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Can anyone tell me what this is dripping down the chimney wall in the basement?


  • newagedawnnewagedawn Member Posts: 562
    flue gas condensation, happens when you underfire a boiler or furnace, if its oil fired your stack temp should be min 450
    "The bitter taste of a poor install lasts far longer than the JOY of the lowest price"
  • mercedesmercedes Member Posts: 61
    additional info From the website Engineering Tool box:Stack Temperature
    The "net stack temperature" is the difference between the flue gas inside the chimney and the room temperature outside the burner. Net stack temperatures above 700oF (370oC) are in general to high. Typical values are between 330 - 500oF (160 - 260oC).
    High stack temperatures may be caused by
    undersized furnace
    defective combustion chamber
    incorrectly sized combustion chamber
    excessive draft
    overfired burner
    draft regulator improperly adjusted
    soot formation on the heating surfaces

  • newagedawnnewagedawn Member Posts: 562
    i agree, gross stack 450 minus 70 leaves 380 and the minimum stack is 350, i dont like to push this as what you have is the result, 96 plus systems and other gas boilers or furnaces are different and a whole different type, but from the size of the chimney id bet you have oil fired equipment and those principles apply always
    "The bitter taste of a poor install lasts far longer than the JOY of the lowest price"
  • ChrisJChrisJ Member Posts: 11,008
    Was your setup an oil burner that was recently converted to gas by any chance?
    Single pipe quasi-vapor system. Typical operating pressure 0.14 - 0.43 oz. EcoSteam ES-20 Advanced Control for Residential Steam boilers. Rectorseal Steamaster water treatment
  • GilmorrieGilmorrie Member Posts: 115
    Condensation in the flue can damage the chimney liner. It would be good to have it inspected. Of course, you should have a combustion analysis run and adjustments made.
  • Big Ed_4Big Ed_4 Member Posts: 1,344
    Agree above , but to add ... Most basement chimneys are below ground . If the outside grade looses its pitch away from the house , under heavy rain the water will pool and seep into the chimney .

    I have enough experience to know , that I dont know it all
  • sarahm73sarahm73 Member Posts: 27
    Ok so here's the thing... I moved into this rented house in Sept '15 with my young kids. Last week we returned home to an odd smell. I opened the basement door and saw smoke billowing up the stairs. A minute later the smoke detector of my duel alarm activated. I evacuated and called 911.
    The fire dept traced the smoke to the furnace and red tagged it. They were perplexed by the CO alarm not sounding as the levels were high enough. They brought in fans to clear out the CO until the level were eliminated.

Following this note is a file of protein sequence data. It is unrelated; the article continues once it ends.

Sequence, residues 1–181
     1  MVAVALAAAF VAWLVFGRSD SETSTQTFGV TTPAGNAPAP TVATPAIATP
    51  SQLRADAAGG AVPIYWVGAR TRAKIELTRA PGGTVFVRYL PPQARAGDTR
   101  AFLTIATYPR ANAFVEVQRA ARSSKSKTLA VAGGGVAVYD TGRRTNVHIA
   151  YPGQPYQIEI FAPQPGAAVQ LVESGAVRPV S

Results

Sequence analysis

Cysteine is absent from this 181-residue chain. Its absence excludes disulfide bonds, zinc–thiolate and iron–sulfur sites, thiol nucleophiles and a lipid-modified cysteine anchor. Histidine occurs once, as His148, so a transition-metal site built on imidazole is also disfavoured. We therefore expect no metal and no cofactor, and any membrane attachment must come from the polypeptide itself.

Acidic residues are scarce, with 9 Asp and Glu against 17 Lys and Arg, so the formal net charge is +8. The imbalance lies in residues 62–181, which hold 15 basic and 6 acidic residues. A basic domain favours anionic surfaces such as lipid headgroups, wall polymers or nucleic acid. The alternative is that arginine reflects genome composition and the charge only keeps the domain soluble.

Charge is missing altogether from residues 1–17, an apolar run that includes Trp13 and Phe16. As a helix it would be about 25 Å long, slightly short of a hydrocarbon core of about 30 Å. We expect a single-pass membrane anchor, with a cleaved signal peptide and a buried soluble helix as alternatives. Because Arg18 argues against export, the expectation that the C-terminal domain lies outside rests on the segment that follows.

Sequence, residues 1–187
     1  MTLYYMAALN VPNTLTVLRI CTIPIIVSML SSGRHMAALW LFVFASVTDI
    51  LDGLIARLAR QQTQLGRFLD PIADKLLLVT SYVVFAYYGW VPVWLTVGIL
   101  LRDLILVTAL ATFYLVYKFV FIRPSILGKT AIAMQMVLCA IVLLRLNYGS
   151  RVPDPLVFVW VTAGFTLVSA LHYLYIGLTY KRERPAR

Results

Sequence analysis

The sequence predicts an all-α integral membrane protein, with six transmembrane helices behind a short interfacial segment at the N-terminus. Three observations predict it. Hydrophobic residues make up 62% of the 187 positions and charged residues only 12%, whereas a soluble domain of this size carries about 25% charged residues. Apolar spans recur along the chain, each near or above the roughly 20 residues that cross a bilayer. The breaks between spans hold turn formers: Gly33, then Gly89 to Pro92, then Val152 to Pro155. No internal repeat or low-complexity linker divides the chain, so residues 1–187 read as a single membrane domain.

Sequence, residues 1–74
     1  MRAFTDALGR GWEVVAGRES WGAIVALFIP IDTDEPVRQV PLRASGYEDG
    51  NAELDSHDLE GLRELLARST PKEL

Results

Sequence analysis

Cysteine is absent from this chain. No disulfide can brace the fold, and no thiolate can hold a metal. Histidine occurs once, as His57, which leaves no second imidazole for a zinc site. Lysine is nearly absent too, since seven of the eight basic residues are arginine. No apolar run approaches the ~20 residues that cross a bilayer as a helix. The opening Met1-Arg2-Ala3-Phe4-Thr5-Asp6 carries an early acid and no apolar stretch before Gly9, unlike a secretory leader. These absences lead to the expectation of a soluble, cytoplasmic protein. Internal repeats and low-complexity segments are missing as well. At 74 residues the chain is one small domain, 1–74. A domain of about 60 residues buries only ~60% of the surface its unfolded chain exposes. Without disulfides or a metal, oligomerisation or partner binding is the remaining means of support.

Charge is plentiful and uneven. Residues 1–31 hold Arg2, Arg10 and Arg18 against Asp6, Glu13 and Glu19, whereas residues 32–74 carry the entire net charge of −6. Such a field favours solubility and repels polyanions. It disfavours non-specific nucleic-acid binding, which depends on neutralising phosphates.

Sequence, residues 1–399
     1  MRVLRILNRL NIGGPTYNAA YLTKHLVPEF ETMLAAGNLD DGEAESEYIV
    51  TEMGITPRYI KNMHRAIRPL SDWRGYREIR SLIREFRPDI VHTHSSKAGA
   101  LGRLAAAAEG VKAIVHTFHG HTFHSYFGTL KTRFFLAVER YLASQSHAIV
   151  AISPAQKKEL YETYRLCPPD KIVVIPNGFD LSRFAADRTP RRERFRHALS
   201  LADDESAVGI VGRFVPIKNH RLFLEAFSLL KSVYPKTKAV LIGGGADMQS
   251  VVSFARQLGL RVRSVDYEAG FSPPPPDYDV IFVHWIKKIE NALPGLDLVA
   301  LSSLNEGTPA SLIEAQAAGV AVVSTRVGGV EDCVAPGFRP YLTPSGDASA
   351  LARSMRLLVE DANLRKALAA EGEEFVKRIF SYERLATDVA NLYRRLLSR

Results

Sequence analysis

The following day the fuel comp arrive to assess. The workers told me that the chimney was completely blocked by fallen bricks and soot and that no gases could escape.
    The chimney guys came to assess and said the chimney looked like it hadn't been cleaned in decade. There was no liner or cap. The cement had turned to sand.
    Per the tags hanging on the furnance downstairs, it looks to have been installed in 2000. Evaluations were done regularly but as for cleaning and servicing tags? There are 5 of those from 2000-last week.
    Here's the kicker, before I moved in I had mild asthma. In oct 2015 and Oct 2016, after I just started to use the oil heat for the season, I had very severe attacks leading to about 8 days hospitalization in total. In march I got up in the middle of the night and my legs went from under me. Not sure if I fainted but it's never happened before. My kids have had frequent headaches and nausea (dr was monitoring as no apparent cause).
    I'm just piecing it together now but I think we were exposed to low levels of CO for a long time! I'm horrified.
  • sarahm73sarahm73 Member Posts: 27
    ChrisJ I'm am completely inept when it comes to home heating mechanics but from what I can gather the furnace is definitely oil. The Heating System Evaluation tags say the water the water is heated by gas. Oh also from 9/'14 to 5/'17 there was no System Evaluation or oil burner cleaning done. I have no idea if or when the chimney was cleaned ever. Certainly not since I've been here but the chimney repair guy would bet it's been a VERY long time if ever. The house was built in 1890!
  • Tim McElwainTim McElwain Member Posts: 4,365
    This is a totally unacceptable situation shut the unit off and get professional help to evaluate the safety of the unit.
  • sarahm73sarahm73 Member Posts: 27
    I agree. I'm looking for a new place as I will never trust the landlord again. I'm shocked at the level of neglect. I'm considering taking legal action. I've been constantly ill for the last two winters. I'm so thankful my kids were in school during the day and with their dad a few days a week. It should never have happened though and I think the landlord should be held accountable.
  • captaincocaptainco Member Posts: 451
    Legal action may be good before someone else actually dies! Landlord abuse is widespread..
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